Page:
The kids found the adrenaline rush so addicting that they were begging for a second ride as soon as we finished.  But sadly, the weather did not cooperate with us, especially me – at all!  Since I was the last to go, I was still in the middle of the tracks when rain poured down.  I was truly torn between letting go of the control to take out a jacket, but of course that would mean total disaster since letting go of the handle bar would mean letting go of the brake… making for a truly fast ride.  In the end, there wasn’t really anything else to do but to just enjoy the moment – getting soaked in the rain and all. 
 
After the luge ride, we took the Skyride to bring us back to the starting point.  The Skyride is similar to a ski lift.   It offers a fantastic scenery of the beautiful coastline, which I failed to pay attention to... because I was too busy being scared. :)You see, it was still raining that time and so I had my umbrella open, and I was too pre-occupied preventing it from being snatched up by a sudden burst of wind.  Yeah, I know... scaredy-cat!:)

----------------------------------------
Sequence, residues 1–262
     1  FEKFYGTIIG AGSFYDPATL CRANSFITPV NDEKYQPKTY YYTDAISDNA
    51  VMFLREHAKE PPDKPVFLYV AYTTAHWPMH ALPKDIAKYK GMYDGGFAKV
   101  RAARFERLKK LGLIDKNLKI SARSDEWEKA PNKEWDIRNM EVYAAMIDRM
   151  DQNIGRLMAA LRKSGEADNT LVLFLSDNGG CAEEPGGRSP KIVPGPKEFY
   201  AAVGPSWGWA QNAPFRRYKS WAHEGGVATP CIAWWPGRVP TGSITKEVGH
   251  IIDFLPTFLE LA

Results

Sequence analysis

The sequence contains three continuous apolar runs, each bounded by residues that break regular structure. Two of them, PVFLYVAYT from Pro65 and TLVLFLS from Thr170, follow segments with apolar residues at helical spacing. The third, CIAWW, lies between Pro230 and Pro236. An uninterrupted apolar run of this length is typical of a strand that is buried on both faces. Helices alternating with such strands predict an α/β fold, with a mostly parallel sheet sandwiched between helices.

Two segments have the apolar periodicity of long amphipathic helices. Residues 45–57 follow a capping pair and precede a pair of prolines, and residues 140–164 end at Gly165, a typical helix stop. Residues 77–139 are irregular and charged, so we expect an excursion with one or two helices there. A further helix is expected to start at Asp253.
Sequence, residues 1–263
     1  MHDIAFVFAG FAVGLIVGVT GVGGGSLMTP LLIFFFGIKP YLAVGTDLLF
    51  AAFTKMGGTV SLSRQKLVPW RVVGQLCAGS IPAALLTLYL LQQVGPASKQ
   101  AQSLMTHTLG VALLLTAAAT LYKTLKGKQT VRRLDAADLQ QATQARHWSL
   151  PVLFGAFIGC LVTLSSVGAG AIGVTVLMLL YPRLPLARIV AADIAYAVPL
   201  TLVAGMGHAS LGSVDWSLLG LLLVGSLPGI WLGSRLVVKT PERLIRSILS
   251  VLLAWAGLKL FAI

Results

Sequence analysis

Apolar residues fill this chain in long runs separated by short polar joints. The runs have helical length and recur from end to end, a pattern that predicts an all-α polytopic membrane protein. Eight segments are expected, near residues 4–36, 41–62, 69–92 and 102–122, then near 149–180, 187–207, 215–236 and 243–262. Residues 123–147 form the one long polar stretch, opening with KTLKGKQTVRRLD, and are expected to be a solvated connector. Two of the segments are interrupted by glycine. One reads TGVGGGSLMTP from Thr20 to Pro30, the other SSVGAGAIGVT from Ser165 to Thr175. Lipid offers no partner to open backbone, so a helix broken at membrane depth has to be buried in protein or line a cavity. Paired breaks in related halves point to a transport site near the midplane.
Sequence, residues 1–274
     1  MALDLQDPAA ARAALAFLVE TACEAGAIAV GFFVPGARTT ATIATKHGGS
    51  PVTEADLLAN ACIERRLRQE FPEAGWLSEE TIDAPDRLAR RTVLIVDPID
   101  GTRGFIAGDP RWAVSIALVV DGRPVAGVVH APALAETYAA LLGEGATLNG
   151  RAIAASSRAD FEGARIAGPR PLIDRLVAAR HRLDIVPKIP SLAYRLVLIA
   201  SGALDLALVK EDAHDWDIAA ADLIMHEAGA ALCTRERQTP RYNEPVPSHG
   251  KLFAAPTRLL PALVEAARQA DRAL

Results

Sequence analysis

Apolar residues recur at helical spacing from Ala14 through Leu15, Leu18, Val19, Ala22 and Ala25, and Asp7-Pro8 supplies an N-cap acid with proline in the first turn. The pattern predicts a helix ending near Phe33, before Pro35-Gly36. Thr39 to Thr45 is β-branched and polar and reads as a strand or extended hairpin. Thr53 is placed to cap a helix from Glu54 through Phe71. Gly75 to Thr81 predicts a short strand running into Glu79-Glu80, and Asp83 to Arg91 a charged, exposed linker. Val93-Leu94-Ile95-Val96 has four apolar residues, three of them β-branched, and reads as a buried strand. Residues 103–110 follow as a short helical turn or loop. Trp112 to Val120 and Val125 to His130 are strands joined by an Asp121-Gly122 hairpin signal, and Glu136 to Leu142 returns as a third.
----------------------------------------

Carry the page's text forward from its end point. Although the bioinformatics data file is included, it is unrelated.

Getting held up by the rain is no reason to complain, so we looked for other options as we waited for the downpour to stop once again. We tried our hands at origami...

We also tried interviewing the trees...
... But sadly, the rain did not show any signs of easing up, so we had to cancel all the other Sentosa attractions on our list, ate an early dinner at Vivo City Mall, and finished our day with more shopping along Orchard street. 

Do be aware, though, that while entry to Sentosa is free, you have to pay for all the rides and attractions separately.  For the complete list of things to do and attractions to see, visit the Sentosa webpage.   

Jurong Island:

Singapore Discovery Center
Since Jurong is located far away from the city, we planned to tackle three of its attractions in one day.  We initally intended to start our day in Jurong by visiting the Singapore Discovery Center, then walk through Jurong Bird Park mid-day and end with the Science Center